A program that has helped dozens of sexual exploitation survivors in Newfoundland and Labrador rebuild their lives is at risk of ending permanently, its director says.
The Blue Door program, run by St. John's-based non-profit Thrive, started five years ago with the help of funding from Ottawa.
That five-year contract, supplying cash to the tune of $450,000 a year, draws to a close in February.
Director Angela Crockwell, in a phone interview Tuesday, said staff were already steadying themselves for the worst.
"I am incredibly concerned," Crockwell said gravely. Nearly 50 clients now use the Blue Door's therapy services, and receive intensive help from staff to apply for income support, write resumés and find shelter.
Even just the basics, like securing dinner on any given day, can represent an overwhelming hurdle for somebody trying to escape sexual exploitation or leave the sex trade, Crockwell said.
She's now scrambling for a backup plan.
"We have to try to figure out where we can get them some level of support," she said. "The truth is, I don't even know where we would find that capacity in the community."
Crockwell says she sent a letter in mid-October requesting yearly funding of $417,000 to Premier Andrew Furey's office and the departments of Health, Social Development, Justice, and Women and Gender Equality. The money would pay for a psychotherapist on contract, four salaries for the program's staff, office fees and flexible funds for food, transportation and other incidentals for the program's clients.
She said none of the respondents has offered her a funding commitment to date.
CBC News asked for comment from the premier's office and the four government departments copied on Thrive's letter. The Department of Women and Gender Equality responded on behalf of the province, sending an emailed statement calling the Blue Door program "meaningful."
"We are committed to working with our community partners to help ensure the safety and well-being of those working in the industry and those who seek to exit the industry," the statement said.
"We will continue to seek innovative solutions both across provincial government departments and from other funding sources to support this important work."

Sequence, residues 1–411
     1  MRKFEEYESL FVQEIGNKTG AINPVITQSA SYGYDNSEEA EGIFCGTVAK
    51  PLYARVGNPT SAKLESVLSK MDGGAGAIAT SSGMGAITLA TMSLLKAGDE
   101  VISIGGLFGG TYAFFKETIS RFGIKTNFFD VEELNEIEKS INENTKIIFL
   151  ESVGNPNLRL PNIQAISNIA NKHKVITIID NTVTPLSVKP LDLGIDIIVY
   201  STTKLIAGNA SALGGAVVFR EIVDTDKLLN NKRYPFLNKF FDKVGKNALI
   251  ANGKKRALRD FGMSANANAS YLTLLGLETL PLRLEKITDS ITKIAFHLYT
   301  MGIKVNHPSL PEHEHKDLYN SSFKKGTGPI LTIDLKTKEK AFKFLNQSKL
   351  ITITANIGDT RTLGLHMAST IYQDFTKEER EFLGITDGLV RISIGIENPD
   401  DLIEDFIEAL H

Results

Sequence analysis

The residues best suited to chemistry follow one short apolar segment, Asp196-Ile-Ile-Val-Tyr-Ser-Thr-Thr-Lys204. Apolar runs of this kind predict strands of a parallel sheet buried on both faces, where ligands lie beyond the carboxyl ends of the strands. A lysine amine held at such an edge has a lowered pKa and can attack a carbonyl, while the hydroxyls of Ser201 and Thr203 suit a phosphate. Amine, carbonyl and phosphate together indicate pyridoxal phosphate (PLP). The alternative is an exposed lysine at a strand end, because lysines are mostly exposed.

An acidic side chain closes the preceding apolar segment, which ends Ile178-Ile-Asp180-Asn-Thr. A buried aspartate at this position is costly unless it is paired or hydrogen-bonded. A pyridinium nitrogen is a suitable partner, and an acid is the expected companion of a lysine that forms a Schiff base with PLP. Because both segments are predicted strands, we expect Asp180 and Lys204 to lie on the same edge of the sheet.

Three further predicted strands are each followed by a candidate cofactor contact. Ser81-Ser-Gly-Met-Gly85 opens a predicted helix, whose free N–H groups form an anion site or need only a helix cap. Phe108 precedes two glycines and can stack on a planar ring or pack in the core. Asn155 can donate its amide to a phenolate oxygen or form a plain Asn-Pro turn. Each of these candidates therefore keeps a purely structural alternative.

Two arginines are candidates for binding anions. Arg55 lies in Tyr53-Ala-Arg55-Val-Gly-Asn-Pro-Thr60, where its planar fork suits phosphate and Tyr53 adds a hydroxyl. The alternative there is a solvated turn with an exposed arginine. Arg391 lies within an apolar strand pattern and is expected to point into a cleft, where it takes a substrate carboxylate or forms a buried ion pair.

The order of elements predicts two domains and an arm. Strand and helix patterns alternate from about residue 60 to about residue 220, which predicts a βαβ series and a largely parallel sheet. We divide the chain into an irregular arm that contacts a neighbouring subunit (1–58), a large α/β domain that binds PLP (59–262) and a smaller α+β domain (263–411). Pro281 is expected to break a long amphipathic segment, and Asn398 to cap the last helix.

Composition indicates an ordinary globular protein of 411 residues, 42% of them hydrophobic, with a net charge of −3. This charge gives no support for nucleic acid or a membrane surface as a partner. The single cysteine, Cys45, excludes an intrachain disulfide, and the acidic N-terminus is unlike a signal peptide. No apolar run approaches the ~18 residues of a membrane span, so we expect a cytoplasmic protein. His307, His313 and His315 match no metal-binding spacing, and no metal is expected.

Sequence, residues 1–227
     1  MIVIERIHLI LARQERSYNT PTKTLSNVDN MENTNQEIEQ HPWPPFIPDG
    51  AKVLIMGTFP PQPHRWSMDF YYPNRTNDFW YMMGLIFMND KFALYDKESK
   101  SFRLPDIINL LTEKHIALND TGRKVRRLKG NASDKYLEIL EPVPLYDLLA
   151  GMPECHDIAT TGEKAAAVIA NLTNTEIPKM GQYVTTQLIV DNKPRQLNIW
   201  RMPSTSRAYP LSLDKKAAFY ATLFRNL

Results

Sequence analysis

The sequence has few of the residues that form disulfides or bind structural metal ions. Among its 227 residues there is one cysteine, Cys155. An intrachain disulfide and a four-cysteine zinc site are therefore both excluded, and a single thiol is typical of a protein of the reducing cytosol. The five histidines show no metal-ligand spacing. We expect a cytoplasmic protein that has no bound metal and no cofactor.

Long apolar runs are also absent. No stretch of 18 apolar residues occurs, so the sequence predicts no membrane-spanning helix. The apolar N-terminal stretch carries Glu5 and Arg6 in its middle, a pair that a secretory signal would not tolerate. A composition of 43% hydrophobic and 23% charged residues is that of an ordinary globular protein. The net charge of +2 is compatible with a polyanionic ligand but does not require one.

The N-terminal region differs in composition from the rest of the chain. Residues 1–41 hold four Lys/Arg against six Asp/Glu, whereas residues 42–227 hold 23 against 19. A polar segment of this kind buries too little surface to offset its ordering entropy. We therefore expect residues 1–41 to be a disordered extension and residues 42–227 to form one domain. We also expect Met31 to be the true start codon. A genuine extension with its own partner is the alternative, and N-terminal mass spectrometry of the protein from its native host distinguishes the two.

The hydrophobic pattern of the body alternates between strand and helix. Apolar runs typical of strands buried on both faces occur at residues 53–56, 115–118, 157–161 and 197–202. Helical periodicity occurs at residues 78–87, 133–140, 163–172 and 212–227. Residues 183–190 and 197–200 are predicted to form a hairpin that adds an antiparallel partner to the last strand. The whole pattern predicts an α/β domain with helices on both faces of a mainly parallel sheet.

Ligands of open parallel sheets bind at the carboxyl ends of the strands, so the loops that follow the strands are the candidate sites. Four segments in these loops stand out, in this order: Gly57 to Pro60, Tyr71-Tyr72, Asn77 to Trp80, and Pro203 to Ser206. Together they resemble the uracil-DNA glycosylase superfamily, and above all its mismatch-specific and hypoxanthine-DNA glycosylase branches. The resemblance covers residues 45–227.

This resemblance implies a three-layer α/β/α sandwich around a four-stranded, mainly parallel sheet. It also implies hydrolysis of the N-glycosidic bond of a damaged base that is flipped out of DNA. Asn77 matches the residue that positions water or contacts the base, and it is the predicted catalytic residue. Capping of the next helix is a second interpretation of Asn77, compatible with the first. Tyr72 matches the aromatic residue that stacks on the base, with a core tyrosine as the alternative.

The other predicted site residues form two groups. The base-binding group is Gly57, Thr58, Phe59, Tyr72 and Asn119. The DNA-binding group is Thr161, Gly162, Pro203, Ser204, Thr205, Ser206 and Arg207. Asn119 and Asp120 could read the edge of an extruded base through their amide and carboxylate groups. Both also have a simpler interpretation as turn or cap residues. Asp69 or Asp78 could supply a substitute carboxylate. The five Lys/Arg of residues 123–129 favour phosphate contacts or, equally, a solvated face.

The statement did not contain an explicit commitment to fund the Blue Door program.
'I don't know where they're going to go'
Without the funding, Crockwell says, the program will end.
"The idea is that if it was proven to be beneficial and produce the outcomes, then hopefully that the province would pick it up," Crockwell said.
She pointed to data she sent to government officials, showing that 63 per cent of the 80 clients who sought help from Blue Door now have employment outside the sex trade. Five of them are in university or college.
"The fact that we have maintained a wait-list for five years means there's a demand for it," she said.
"And I feel really strongly that as a province, we have an obligation to make sure that people who've had this experience have access to the appropriate supports and services to rebuild their lives."
Exploitation and trafficking in Newfoundland and Labrador doesn't look like Hollywood's depiction, she explained. Sometimes survivors are coerced into participating in sexual activities for food or shelter, or forced into the sex trade by family.
Nearly half of Thrive's clients are under 25 years old, she said.
Like those who've experienced intimate partner violence or sexual assault, survivors of sexual exploitation require specialized services, she added.
"It's the only program of its kind," Crockwell said.
And if it closes?
"Honestly, I don't know where they're going to go."